They say things come in threes and Marcus Wareing seems on a one-man mission to prove that correct. So far in 2014 he has opened a brand new restaurant, revamped an existing restaurant and tonight will make his MasterChef: The Professionals bow in place of Michel Roux Jr. After over twenty-five years under the hot lights of the kitchen – the punishing hours, public fallouts, dizzying acclaim - the temptation for most would be to slow down. But Marcus Wareing has his foot firmly down on the accelerator.
When it comes to opening and reopening restaurants he has seen it all before, of course – having been at the front line of Gordon Ramsay Holdings’ fearless charge for empire status in the late nineties/early noughties and now as a seasoned restaurateur in his own right. Yet, the MasterChef role is an entirely different proposition; a primetime BBC show with a loyal following – none of which is lost on Wareing.
“It’s a massive turning point in my career,” he admits to Great British Chefs. So what made the famously television-wary chef agree to take the role?
He explains: “I have always enjoyed watching the show and was hugely honoured when Karen Ross, the creative director, called to ask me. I’m incredibly excited to join the judging team on the series. For me it’s not only about making a TV programme, it’s also very much about inspiring the next generation of chefs, being part of something special. As it’s the professionals' series, it’s about the people that I work with every day, and that really appeals to me.”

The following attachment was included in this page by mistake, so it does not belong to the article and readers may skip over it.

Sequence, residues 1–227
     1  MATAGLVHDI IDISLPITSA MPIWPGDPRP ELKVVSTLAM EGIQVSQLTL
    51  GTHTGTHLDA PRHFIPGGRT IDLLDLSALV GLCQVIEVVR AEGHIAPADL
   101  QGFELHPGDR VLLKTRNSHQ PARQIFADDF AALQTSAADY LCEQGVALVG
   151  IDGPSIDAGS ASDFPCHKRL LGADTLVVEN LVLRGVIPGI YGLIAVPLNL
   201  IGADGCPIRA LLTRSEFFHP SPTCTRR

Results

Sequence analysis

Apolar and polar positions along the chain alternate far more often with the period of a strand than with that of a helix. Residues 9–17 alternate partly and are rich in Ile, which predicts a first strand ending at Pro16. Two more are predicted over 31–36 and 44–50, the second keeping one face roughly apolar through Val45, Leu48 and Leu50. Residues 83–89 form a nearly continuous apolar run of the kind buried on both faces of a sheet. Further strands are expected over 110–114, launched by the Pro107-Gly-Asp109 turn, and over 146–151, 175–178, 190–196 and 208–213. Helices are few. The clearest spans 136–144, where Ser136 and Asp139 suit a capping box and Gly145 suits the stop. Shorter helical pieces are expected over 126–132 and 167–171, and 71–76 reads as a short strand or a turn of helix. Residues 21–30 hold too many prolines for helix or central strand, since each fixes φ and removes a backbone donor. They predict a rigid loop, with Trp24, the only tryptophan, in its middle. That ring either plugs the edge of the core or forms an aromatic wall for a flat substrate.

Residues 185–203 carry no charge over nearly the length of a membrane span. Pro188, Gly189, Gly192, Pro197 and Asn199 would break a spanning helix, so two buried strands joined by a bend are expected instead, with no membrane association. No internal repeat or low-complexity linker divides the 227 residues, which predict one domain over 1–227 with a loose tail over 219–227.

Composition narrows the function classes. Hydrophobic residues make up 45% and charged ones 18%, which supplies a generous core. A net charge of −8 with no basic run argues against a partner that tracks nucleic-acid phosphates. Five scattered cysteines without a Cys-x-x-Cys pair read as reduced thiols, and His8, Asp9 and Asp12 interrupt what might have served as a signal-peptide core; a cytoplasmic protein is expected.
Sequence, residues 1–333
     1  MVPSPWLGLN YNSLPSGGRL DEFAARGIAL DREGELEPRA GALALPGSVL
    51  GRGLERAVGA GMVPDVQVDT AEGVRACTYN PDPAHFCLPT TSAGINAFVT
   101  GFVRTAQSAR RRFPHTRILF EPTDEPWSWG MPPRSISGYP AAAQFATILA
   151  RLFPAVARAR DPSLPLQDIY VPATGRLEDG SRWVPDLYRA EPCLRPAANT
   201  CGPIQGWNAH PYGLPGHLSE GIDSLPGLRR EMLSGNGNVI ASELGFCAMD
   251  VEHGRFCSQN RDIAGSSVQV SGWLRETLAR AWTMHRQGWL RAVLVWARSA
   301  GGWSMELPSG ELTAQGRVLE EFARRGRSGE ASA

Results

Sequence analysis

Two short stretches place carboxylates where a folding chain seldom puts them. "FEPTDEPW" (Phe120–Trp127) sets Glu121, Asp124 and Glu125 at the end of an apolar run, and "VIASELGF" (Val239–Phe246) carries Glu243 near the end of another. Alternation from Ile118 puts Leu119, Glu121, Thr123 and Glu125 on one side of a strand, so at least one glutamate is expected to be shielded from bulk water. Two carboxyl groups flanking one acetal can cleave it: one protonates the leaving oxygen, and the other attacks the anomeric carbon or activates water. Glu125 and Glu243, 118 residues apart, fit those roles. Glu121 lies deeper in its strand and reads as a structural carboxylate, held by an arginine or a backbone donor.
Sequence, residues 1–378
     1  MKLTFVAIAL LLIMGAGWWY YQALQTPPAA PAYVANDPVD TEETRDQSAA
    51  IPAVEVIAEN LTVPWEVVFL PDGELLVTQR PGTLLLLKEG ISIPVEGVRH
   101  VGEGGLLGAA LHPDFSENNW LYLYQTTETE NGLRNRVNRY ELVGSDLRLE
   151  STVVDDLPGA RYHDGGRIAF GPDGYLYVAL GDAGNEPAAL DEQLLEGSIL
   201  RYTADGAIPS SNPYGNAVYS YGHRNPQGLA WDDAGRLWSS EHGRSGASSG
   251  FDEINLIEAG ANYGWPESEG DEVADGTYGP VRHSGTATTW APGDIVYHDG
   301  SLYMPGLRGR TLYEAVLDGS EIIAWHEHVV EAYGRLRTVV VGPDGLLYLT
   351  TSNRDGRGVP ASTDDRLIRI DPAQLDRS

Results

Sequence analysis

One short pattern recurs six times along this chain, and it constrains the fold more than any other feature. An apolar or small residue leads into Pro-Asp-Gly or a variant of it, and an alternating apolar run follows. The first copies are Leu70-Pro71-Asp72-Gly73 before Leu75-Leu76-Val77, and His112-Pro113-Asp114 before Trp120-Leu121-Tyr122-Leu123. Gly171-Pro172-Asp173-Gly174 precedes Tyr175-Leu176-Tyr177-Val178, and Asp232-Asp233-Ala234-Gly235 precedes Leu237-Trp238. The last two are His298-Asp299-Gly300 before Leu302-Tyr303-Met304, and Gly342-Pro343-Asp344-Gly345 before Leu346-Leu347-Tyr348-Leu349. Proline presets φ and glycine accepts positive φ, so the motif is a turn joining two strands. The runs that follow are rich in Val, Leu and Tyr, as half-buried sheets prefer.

In those terms it seems a natural fit, yet the knives are out. Replacing Michel Roux Jr is a tough job for anyone, and when you have the fierce reputation that Wareing does – even tougher.
But reputations are there to be dismantled, and the chef promises audiences will see a lighter side to his character when the show airs.
“I hope to bring my own personality to the series. This is a serious cooking competition and we expect the best from the chefs. It can be frustrating if the trained professionals don’t know the basics, but we always judge fairly and give constructive criticism. I think you see the real me, and you see a side that’s much more informative, as I’ve got more time to express myself and discuss the food in detail.”
Born into a working class family in the North West town of Southport, Marcus Wareing’s upbringing forms the bedrock of his ethos and culinary style to this day. He learnt discipline and determination from his days as an amateur boxer, while his father - a fruit and potato merchant - instilled the value of hard work and the virtues of using humble ingredients wisely. At the age of fourteen he knew he wanted to cook for a living.
By nineteen, Wareing had moved to London and was working at Le Gavroche (which, for a nice touch of symmetry, was being run by Michel Roux Jr) – where he was joined in the kitchen by a young Gordon Ramsay. After sojourns to New York, Amsterdam and West Sussex’s Gravetye Manor (where he met his wife, Jane), a chance encounter with Ramsay – who was on the verge of opening his first restaurant, The Aubergine - led to Wareing becoming his trusted Sous Chef.